When hunters and environmentalists speak about each other, it is through gritted teeth. Hunters feel like environmentalists are overstepping their boundaries and threatening their livelihood with conservation acts. And environmentalists think of hunters as ATV-driving, gun-wielding neanderthals. It is time to overcome these dated and cruel stereotypes.
Have you heard the saying that two heads are better than one? Unbeknownst to some, hunters and environmentalists have been fighting the same fight in many different areas and venues. For example, the money that hunters spend on permits and associated fees directly funds some of America’s most wild and protected areas. And while it may not seem likely, many conservation organizations have numerous hunters on staff. On the other hand, other conservation organizations may not have many members who are hunters.
One conclusion that both groups can agree on is that without proper management and protection, the lands that both communities fight for will be lost forever. Although they may not live the same lifestyles, environmentalists and hunters have the same goals. There are many examples of how environmentalists and hunters can work together to create positive change in our political and social views, here are two.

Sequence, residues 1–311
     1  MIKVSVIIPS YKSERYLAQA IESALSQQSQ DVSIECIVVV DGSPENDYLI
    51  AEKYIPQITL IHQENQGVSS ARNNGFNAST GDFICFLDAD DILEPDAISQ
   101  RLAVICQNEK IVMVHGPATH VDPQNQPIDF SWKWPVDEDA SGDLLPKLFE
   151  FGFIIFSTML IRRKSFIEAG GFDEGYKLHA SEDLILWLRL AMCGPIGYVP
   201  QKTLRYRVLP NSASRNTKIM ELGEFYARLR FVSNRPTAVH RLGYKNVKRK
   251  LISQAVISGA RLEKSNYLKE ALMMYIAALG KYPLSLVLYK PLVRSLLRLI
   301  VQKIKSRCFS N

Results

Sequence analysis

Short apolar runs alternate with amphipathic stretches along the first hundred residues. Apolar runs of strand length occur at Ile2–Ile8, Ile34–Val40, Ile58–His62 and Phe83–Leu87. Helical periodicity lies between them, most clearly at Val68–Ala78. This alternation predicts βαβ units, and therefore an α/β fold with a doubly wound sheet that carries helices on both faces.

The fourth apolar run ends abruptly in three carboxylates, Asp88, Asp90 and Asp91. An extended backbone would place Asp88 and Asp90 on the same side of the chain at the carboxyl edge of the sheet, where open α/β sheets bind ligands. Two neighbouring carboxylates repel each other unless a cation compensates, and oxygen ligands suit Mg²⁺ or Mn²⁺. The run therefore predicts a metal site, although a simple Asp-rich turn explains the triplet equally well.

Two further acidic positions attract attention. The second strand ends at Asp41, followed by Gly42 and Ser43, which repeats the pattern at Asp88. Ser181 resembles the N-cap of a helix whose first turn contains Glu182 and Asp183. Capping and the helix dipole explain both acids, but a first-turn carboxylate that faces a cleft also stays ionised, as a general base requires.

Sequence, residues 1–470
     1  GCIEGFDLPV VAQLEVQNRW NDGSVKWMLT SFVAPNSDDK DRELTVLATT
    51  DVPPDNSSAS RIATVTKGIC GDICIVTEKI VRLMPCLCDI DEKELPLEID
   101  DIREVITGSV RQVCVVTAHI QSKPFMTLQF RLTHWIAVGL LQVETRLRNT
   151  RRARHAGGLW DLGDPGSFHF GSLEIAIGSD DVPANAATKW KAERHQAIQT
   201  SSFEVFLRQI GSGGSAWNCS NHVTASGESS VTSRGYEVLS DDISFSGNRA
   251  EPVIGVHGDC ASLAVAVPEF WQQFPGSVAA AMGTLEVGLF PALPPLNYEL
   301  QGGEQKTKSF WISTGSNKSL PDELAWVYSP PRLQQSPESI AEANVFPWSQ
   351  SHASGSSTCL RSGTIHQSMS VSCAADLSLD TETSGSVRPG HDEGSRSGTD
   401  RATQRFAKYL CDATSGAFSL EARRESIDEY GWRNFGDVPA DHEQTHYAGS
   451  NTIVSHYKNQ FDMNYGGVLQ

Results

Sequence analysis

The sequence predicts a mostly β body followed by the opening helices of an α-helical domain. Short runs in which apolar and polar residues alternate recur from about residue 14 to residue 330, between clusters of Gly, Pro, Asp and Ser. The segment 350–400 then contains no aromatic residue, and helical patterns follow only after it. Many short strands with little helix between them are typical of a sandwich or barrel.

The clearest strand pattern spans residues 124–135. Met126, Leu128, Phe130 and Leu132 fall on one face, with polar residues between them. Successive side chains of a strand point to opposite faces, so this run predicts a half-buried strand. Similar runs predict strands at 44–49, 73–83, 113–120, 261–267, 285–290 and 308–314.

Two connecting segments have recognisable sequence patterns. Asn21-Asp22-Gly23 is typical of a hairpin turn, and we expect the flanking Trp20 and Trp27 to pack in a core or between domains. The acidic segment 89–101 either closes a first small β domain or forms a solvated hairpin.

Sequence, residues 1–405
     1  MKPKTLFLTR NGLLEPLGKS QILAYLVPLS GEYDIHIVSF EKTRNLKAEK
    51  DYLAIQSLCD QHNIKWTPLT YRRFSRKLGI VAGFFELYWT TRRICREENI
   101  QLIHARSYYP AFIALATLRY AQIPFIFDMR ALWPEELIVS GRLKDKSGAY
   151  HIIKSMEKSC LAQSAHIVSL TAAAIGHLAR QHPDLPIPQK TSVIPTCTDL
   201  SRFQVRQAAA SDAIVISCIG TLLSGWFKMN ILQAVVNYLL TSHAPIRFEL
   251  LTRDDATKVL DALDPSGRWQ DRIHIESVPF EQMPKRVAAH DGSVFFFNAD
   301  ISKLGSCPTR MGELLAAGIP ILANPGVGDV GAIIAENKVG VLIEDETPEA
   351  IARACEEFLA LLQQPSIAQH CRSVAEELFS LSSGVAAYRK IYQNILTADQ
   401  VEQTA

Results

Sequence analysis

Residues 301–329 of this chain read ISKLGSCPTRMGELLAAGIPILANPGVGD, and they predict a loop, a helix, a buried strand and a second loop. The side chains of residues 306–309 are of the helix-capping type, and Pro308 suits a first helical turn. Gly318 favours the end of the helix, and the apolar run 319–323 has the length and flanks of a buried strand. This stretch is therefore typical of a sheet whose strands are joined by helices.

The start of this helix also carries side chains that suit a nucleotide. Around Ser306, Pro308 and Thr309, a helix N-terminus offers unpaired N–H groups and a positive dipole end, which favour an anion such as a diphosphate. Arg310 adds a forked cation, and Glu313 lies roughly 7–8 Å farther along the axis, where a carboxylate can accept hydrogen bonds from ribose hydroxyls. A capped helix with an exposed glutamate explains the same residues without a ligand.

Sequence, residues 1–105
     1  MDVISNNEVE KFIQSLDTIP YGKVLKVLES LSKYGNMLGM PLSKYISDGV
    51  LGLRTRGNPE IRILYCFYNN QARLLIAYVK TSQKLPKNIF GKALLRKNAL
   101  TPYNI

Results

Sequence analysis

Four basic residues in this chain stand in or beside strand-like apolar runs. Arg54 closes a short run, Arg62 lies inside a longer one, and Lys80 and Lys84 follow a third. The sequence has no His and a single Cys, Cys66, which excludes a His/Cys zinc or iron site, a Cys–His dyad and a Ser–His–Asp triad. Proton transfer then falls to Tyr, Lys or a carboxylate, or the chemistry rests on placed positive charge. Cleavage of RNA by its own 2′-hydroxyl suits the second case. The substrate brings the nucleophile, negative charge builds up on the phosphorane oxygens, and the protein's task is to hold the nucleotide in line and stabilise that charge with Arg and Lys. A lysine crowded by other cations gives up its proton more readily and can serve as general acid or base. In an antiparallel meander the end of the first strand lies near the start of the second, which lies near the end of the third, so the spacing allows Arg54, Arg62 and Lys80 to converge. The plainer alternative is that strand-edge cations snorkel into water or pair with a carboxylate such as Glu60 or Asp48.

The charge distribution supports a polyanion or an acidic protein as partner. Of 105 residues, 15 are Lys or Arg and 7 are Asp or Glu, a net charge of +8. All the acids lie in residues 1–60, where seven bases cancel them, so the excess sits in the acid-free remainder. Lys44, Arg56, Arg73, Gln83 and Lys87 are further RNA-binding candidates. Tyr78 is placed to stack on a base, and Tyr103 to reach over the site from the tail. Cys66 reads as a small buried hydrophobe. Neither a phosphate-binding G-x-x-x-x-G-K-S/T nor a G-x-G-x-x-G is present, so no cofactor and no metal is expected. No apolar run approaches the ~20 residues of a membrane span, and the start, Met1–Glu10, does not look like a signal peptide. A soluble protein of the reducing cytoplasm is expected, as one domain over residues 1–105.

California Lead Ammo Ban
Environmentalists in California have worked to pass a law banning the use of lead bullets while hunting wild game within the state. This initiative stems off the ban of lead hunting in condor habitats, in hopes of saving the endangered birds. When hunting game animals, stray bullets stay lodged in the ground and trees. The reflection of the lodged bullets appeals to birds, who then eat them and die from lead ingestion.
The lead was poisoning not only the condors, but potentially causing lead poisoning in the families of the hunters that used lead bullets on their hunts. The efforts of both the environmentalists and the hunters in California aided in passing this law, and it couldn’t have been done without the combined efforts of both sets of voices. The ban was expanded to all wildlife in California in 2013. As a hunter, has this ban impacted you? What is your opinion?
Yellowstone Wolf Reintroduction
It could be argued that having a healthy wolf population aids in the health of the entire ecosystem in and around Yellowstone National Park, but the wolf reintroduction was a touchy subject for hunters at first, and for some it still is. Wolves hunt elk, moderating their populations, which keeps the willows stable near the river banks, and in turn helps the health of the rivers and creeks and the fish that reside in them. The elk, bear and fish populations that stem from Yellowstone National Park are then made available to hunters in Montana, Wyoming and Idaho. The environmentalists that took action in reintroducing the wolves claimed to have had hunter’s best interest in mind and value the role that hunters play in game management.